Today, you find the cloak in the collection of the Swedish History museum.
With red 2-plied wool thread you can make your own tassels in this style.
Today we turn our eyes towards a cope from Ösmö church, south of Stockholm Sweden. Its a cope in green damask silk and with lovely embroideries. But we don’t care about those today. We look at the cool tablet woven fringe. The fringe is woven with 4 tablets. The warp is in silk. The tablets are treaded left-right-left-right. The green and the red ( today orange) weft is a 2-plied silk thread. The white is a single linen thread. The tablets are turned in the same directions and changed when needed. You can see a turn of direction in the red fringe part.
Once again a detail from the Ärentuna cushion. But this time we focus on the bottom weave. It’s a linen , or hemp, fabric. Quite coarse and very evenly woven. It measures 8 threads per centimeter in both warp and weft, making it perfect for counted embroidery. The thread in the weave is a single thread. If you look closely on the bottom fabric you can see the imprints of the now missing embroidery.
The cushion is dated to 14-15th century. And the original is in the collections of the parish.
We use a 8th/cm in our reconstruction of the Ärentuna embroidery. If weaving a narrow weave with this thread count one could for an example use that narrow weave and make a small purse in counted embroidery.
A detail from an Icelandic wool embroidery. The embroidery is an antependium and is in really good condition consider it’s age. The technique is surface couching. The background is a linen fabric.
” Laid and Couched Work, is a form of embroidery where a thread (usually wool ) is laid on a ground fabric (usually wool or linen ). This stitch is created by laying a set of ground threads, that work from one side of the pattern to the other. Over these threads, in the opposite direction, are laid another set of threads at regular intervals . These cross threads are then held down by a series of couching stitches . The whole process results in an area completely covered in thread. This technique allows for large areas of pattern to be covered very quickly.” ref. Historical needlework
The yellow wool thread have faded over time, as yellow does, and was originally much brighter. The wool thread is thin and 2-plied.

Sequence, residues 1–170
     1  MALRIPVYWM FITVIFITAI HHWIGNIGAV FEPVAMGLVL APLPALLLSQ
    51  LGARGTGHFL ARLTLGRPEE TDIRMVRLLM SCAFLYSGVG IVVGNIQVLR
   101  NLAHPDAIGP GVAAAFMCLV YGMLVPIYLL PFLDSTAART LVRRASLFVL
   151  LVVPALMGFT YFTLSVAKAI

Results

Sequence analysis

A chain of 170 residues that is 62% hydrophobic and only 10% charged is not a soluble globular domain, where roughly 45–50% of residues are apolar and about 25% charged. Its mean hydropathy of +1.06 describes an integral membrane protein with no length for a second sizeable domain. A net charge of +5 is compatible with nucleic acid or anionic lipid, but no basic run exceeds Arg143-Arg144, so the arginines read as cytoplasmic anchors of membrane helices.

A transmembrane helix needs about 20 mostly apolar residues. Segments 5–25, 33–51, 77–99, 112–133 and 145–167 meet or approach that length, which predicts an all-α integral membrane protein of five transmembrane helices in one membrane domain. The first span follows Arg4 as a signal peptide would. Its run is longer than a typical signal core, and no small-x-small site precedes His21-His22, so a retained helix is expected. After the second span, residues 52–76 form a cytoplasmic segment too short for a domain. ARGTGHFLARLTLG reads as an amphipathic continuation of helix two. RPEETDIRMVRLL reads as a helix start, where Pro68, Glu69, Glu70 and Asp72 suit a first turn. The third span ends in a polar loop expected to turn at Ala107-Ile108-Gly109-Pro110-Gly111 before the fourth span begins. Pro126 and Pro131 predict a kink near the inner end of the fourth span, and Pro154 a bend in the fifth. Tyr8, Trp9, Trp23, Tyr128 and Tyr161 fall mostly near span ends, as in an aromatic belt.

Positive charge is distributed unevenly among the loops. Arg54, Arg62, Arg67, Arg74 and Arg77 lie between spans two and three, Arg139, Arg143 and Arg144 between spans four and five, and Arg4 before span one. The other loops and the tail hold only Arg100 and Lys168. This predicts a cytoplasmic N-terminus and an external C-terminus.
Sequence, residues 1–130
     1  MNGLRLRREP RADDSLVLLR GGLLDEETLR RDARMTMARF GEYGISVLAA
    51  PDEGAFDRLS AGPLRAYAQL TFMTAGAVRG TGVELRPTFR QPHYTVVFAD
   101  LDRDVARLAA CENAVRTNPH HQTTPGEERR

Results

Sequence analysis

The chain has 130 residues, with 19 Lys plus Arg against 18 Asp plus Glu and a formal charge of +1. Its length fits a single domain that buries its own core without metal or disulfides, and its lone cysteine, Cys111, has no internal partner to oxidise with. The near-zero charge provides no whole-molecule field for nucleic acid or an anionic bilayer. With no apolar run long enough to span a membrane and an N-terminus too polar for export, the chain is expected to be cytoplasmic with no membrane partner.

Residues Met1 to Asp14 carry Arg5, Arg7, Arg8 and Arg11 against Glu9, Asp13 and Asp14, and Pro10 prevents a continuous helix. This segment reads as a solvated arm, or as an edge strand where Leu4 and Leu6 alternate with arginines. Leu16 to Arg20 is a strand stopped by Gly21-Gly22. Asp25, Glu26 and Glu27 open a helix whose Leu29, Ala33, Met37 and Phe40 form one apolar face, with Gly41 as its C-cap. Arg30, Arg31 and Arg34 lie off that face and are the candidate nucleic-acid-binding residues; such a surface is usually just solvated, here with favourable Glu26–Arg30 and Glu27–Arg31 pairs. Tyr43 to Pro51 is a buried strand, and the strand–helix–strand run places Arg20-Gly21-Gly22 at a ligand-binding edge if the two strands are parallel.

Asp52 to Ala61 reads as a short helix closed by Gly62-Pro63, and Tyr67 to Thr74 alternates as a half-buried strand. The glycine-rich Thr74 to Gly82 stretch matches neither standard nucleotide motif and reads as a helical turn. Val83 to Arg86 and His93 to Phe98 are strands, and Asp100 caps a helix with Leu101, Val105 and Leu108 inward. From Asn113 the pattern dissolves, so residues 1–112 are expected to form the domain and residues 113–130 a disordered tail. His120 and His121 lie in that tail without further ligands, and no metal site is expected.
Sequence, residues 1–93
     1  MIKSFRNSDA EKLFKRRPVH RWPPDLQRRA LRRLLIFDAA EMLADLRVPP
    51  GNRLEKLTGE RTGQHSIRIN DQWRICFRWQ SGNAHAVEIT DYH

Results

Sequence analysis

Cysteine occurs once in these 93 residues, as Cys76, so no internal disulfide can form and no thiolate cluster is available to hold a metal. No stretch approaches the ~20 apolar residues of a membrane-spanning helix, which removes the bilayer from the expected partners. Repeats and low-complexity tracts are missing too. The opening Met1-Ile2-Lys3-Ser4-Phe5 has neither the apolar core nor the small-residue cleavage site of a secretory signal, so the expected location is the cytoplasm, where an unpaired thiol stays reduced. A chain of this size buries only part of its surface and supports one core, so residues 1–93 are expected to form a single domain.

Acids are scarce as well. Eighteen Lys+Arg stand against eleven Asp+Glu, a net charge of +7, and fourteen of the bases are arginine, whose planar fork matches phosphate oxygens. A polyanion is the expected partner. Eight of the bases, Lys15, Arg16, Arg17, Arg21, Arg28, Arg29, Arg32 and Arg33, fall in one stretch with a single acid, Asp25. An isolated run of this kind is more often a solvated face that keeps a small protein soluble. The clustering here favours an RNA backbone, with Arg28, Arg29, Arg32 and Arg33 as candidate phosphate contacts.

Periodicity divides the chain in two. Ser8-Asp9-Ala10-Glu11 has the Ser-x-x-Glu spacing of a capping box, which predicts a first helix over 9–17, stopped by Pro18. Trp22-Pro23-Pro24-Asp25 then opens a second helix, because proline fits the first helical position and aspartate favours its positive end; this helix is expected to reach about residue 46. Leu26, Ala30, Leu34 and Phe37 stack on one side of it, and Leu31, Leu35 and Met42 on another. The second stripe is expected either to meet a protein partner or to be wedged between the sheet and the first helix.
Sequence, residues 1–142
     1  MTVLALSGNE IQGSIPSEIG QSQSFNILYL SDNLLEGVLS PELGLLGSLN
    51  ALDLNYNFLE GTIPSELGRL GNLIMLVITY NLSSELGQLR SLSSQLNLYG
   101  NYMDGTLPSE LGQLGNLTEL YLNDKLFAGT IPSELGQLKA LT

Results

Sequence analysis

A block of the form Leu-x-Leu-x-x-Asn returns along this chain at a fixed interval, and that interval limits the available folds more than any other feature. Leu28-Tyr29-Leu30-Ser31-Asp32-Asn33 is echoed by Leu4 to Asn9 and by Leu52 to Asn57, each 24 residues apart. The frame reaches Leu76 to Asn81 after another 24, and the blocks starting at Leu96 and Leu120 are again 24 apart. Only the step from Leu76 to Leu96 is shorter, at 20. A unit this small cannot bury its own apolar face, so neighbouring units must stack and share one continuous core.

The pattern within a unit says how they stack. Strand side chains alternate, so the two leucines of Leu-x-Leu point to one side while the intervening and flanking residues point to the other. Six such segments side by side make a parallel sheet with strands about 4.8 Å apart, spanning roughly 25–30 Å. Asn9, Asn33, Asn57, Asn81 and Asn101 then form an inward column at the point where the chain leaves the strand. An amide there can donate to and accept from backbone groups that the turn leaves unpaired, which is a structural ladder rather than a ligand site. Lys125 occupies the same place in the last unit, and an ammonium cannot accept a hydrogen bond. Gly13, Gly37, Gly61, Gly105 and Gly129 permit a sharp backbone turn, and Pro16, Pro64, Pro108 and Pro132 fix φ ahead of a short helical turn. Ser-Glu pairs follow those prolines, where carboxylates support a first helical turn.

The embroidery is dated to the 14th century.
We dye our own wool thread to be able to get a thin thread with a bright yellow. Reseda is the plant we use, as they did in the Middle ages too. To get is really neon-yellow, we add a small amount of ammonium. They used urin.
Sewing needles from the lake Furen, Sweden. They come in many sizes. Many of the needles have corroded badly over time and are difficult to separate from one another. The have round eyes and are very delicate and a sign of hand from a skilled crafts person.
The needles are dated 1100-1499 AD.
When sewing one need to have a good needle. To be able to press the metal through the fabric it needs to be sharp and have a small eye. A good steel needle is possibly to sharpen. Therefor we choose needles of high quality when sewing. A good tool makes the task more fun.
Red blood drops on Jesus body. The red wool yarn is a 2-plied and have a pretty high twist. Most likely dyed with madder. This is a detail from the Fogdö embroidery, Sweden. The embroidery is BIG and measures 0,9 x 7,9 meters long, originally it believed to have been over 15 meters long. The embroidery shows scenes from the life of Christ. The stitches are long legged cross stitch.
The embroidery is dated 1480-1500 AD.
When sewing long legged cross stitch, we always use a 2-plied thread like the original. And we also sew a bit more like the medieval style, in more or less in all directions. The medieval people were less neurotic then our crafts teachers in school..
Today the embroidery can be found in the collections of the Swedish History museum.